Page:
You do not need to be a science geek to know that a black hole is supposed to draw in everything around it and suck it into the center. Black holes are interesting, regardless of your interest in the science behind them. They have been featured in science fiction novels and Hollywood movies. However, the way we think about black holes is about to change, as NASA recently observed a supermassive black hole spew something out.
The event was captured through two different space telescopes, including the NuSTAR (Nuclear Spectroscopic Telescope Array) telescope in Pasadena, Calif. at the California Institute of Technology. The Markarian 335 black hole, a black hole that is 324 million light years away from earth, recently ejected its corona and launched it away, followed by a large pulse of x-ray energy. So what exactly does this mean? Scientists are not entirely sure and are continuing to study the event.
What scientists do know is black holes are black due to the gravitational pull they emit. If something gets close enough to the gravitational pull, nothing can escape from the black hole—not even light. Supermassive black holes, like the Markarian 335, have the strongest gravitational pulls, so it is extremely rare for them to spew objects out.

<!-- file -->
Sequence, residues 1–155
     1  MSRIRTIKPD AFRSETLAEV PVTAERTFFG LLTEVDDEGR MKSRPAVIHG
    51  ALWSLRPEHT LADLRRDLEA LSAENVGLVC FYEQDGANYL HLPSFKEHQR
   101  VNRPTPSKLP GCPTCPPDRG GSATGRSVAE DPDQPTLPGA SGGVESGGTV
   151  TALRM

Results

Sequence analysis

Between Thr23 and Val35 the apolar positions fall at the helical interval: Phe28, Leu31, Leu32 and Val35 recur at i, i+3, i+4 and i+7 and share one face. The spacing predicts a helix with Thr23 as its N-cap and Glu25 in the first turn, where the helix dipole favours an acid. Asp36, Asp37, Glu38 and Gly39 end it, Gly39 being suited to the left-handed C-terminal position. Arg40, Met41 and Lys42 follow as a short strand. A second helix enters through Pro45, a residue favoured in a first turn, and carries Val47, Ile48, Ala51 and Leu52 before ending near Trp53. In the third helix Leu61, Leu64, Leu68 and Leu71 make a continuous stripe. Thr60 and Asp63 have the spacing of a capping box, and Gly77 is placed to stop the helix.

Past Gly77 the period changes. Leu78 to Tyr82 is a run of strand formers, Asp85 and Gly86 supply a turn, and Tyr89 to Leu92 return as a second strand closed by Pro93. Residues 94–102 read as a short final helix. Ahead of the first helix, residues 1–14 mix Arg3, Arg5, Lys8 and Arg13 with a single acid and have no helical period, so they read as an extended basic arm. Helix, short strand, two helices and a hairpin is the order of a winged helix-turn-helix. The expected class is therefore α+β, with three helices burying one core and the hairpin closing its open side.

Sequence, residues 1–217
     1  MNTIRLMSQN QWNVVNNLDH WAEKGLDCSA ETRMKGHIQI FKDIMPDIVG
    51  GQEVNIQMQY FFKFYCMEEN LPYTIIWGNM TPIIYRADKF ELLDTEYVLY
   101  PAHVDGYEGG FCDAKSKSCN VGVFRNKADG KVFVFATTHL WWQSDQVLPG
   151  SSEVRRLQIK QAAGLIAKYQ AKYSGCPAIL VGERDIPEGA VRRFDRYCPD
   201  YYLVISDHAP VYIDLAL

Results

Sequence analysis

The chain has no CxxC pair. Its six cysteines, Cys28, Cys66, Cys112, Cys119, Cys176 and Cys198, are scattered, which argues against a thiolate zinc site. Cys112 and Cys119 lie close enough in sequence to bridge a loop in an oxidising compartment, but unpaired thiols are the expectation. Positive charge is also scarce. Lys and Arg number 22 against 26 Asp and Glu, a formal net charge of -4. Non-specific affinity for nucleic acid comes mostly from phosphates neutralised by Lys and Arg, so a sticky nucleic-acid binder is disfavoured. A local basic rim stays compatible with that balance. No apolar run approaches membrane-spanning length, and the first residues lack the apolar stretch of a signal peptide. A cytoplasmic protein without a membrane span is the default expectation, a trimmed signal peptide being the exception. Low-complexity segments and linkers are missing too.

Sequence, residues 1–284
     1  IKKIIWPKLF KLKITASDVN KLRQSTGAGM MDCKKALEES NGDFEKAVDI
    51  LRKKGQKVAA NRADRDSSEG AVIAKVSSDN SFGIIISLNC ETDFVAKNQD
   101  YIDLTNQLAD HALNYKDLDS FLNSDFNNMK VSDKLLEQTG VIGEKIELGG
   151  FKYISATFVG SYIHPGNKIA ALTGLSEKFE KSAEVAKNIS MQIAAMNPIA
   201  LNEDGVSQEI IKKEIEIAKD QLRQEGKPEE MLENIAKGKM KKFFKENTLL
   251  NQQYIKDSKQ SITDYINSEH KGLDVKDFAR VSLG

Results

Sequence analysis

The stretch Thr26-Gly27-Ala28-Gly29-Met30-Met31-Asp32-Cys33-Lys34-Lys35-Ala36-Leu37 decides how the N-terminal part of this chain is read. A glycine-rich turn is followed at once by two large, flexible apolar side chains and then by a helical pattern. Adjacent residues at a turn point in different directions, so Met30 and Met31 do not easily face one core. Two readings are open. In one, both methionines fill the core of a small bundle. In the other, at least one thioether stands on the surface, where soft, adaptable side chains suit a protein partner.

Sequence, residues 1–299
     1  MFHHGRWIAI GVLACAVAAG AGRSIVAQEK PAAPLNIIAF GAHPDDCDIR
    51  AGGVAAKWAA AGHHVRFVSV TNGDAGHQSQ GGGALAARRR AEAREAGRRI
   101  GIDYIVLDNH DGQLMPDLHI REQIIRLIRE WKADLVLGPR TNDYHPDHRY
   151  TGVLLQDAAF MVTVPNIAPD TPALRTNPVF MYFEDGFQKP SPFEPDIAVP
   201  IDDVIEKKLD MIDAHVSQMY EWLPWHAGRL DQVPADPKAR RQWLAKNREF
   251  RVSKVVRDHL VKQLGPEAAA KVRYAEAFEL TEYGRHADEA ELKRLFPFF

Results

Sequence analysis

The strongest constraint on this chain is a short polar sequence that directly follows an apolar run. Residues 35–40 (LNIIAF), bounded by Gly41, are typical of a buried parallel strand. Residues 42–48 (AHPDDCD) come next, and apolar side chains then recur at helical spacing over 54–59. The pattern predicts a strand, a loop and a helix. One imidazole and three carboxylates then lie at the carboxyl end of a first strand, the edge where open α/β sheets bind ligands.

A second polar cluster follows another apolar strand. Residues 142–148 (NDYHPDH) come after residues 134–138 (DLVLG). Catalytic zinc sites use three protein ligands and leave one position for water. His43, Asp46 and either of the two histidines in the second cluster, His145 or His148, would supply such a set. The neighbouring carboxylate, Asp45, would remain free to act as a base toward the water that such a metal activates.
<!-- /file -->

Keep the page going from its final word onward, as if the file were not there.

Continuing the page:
In addition, scientists know that black holes themselves do not emit any light, yet are surrounded by incandescent disks of glowing light materials. As the disks are pulled on by the gravitational force of the black hole, they emit different kinds of light. Further, scientists know black holes have a corona. The corona is another form of energy, one which gives off radiation and is capable of generating x-rays.
Some scientists say the recently ejected material helps support what they call the lamppost hypothesis model. This model theorizes there are small sources of light, much like lightbulbs in a lamp, which are located above and below the rotation axis of the black hole. As the light materials change from influences on them by the gravitational forces of the black hole, it affects the brightness levels and stability. For instance, in 2007, scientists observed Markarian 335’s brightness level had been reduced by a factor of 30, and it has yet to return to its prior brightness level.
Also interesting is that Markarian 335 has ejected flares in the past. The last one was in 2014. What makes this current ejection even more exciting is that scientists now know what the flares are, from being able to observe the black hole’s corona being ejected. Their next step is to try to determine why it is happening. In addition, with the new data, scientists will be able to conduct further research into Markarian 335’s size, structure, and how black holes function, as well as how they help power some of the brighter objects in our universe.
You can rest assured, scientists will be recording their findings in scientific and research notebooks to have written documentation of their findings. If you require notebooks for science, engineering, laboratory projects, or research projects, feel free to contact Scientific Notebook Company today at 800-537-3028.